Maria Ackerman

Interviewee:  Maria Ackerman
IWY TX 006
Interviewer:  Veronica Tiller
Date: November 19, 1977

Maria Ackerman, a Tlingit woman, worked in schools in Haines, Alaska, as an Indian education coordinator. She attended the National Women’s Conference to participate in an art exhibit and demonstrate Chilkat blanket weaving. Interview includes discussion of Ackerman’s community in Alaska, including how the women are teachers and their husbands provide childcare and clean homes. She also discussed her lack of involvement in the women’s organizations since she moved from Anchorage, Alaska to Haines. Ackerman believed that patience would greatly help the women’s movement.

Sound Recording


Veronica Tiller:     This is Veronica E. Tiller taping an interview with Maria Ackerman, from Alaska, on November 19, 1977, at the IWY in Houston, Texas. Maria, tell me, what are you doing here at this convention?

Maria Ackerman:    I’m with the art exhibit demonstrating Chilkat blanket weaving.

VT:     Maria, could you give me your full name, address, and phone number?

MA:    Haines, Alaska. I’m working with a school– an elementary school and a high school in Haines as an Indian ed. coordinator, and my address is just General Delivery. My phone number is (907) 766-2877.

VT:     And do you have a phone number?…

MA: That is my home phone number…

VT: Oh, I see. Okay, thank you… Besides weaving this blanket as an exhibit, what do you expect of this conference?  Do you think it’s important?

MA:    Oh, yes.  We have problems back home, have to do with men.  All the women are working.  We’re forced into liberation, and the women are teaching and the husbands are home babysitting and cleaning house.  There’s about twelve hundred people living in Haines, and the only work that’s available is just for women, mostly.

VT:     What kind of an Indian are you?

MA:    I’m a Tlingit.

VT:     Tlingit…How did you get involved?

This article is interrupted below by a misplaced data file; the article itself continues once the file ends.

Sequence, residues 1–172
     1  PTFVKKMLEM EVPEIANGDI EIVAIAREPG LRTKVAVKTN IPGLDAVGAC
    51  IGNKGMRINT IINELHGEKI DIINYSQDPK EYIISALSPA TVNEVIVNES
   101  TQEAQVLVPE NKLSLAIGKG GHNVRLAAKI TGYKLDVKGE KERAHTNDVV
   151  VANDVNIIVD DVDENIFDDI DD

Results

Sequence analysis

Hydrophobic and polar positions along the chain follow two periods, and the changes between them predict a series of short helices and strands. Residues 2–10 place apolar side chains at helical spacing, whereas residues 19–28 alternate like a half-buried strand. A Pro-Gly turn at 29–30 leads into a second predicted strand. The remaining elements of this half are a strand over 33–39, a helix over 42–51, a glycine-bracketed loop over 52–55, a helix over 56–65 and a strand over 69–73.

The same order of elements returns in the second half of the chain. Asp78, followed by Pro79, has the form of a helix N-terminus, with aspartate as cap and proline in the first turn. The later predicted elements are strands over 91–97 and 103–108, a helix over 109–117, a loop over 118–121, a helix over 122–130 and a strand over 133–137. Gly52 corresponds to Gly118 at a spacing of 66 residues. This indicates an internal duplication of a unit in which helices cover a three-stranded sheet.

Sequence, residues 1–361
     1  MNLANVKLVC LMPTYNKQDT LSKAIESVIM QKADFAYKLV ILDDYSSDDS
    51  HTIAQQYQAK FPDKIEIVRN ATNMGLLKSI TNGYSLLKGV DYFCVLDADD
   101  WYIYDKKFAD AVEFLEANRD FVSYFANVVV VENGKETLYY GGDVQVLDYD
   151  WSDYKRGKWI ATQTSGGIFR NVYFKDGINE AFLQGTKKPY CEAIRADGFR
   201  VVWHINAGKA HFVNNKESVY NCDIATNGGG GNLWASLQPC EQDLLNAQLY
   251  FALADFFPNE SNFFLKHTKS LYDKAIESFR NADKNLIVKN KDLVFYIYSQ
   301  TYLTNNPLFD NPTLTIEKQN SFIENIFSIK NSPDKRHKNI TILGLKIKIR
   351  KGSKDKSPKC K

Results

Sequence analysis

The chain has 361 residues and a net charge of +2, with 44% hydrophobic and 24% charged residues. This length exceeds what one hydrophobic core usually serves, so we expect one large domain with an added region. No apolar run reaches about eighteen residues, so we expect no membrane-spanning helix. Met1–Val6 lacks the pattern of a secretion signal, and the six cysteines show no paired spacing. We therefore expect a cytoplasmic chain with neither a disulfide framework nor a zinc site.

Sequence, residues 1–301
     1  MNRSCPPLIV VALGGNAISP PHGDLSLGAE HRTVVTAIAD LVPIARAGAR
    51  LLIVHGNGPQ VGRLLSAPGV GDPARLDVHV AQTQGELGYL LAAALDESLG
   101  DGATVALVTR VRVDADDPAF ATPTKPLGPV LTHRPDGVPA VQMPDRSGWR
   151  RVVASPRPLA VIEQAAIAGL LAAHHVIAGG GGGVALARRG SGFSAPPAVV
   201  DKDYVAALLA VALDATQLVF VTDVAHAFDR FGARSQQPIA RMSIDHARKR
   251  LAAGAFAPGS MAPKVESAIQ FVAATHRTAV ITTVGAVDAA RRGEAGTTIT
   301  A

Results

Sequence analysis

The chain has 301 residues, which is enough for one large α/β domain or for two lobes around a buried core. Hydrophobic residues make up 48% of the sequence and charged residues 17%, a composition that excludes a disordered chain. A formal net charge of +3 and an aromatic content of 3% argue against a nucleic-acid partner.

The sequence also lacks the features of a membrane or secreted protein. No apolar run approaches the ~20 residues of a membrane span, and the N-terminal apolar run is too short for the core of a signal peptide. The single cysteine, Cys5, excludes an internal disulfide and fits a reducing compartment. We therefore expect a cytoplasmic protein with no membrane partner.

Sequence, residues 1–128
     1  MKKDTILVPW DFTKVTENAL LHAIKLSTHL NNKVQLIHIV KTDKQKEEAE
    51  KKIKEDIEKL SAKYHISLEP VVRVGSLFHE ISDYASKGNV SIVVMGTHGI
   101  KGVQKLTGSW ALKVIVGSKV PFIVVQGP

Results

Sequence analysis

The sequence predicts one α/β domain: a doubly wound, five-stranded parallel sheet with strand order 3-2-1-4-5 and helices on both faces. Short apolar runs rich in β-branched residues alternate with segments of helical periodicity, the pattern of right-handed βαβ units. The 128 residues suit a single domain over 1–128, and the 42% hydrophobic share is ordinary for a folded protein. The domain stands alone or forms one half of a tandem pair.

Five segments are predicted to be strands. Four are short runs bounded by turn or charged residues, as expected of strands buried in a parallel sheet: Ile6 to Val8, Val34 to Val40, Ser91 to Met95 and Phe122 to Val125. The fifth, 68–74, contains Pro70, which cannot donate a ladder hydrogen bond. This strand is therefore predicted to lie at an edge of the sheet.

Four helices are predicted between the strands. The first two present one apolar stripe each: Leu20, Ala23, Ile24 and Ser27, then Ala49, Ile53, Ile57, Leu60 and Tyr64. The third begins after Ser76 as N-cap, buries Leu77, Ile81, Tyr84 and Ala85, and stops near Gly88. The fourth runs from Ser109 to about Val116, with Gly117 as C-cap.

MA:    I lived in Anchorage for six years, and I’m always doing some kind of art work.  And I was with the visual arts center, and this is how I was able to come down here and demonstrate the weaving.

VT:     Do you have any affiliation with any groups…Indian women’s groups?

MA:    None at all. I’m just more on my own on everything I do.

VT:     Is this the general feeling among… Do you think you’re representative of the feeling among Tlingit women in Haines, Alaska?

MA:    My feelings?

VT:     Yes, yours.

MA:    Not really….Everybody’s on their own with their art work, too.  We don’t have an arts center or anything.  I just hire resource people to come in and teach bead work, skin sewing, carving, and everything.

VT:     So you’re not directly involved in any of the women’s issues or women’s movement?

MA:    Not really.  I came here with the Anchorage group.  I was asked to come down before I moved to Haines this summer.  Nobody really asked me to do anything.

VT:     So you’re just demonstrating your art.  Is there any one single event that brought your level of consciousness up concerning the women’s movement?

MA:    Well, I think for me mostly it’s patience, to show patience on weaving and everything.

VT:     You think that having patience– women having patience is going to help the movement?

MA:    It sure will.

VT:     Well, thank you very much.

End of Interview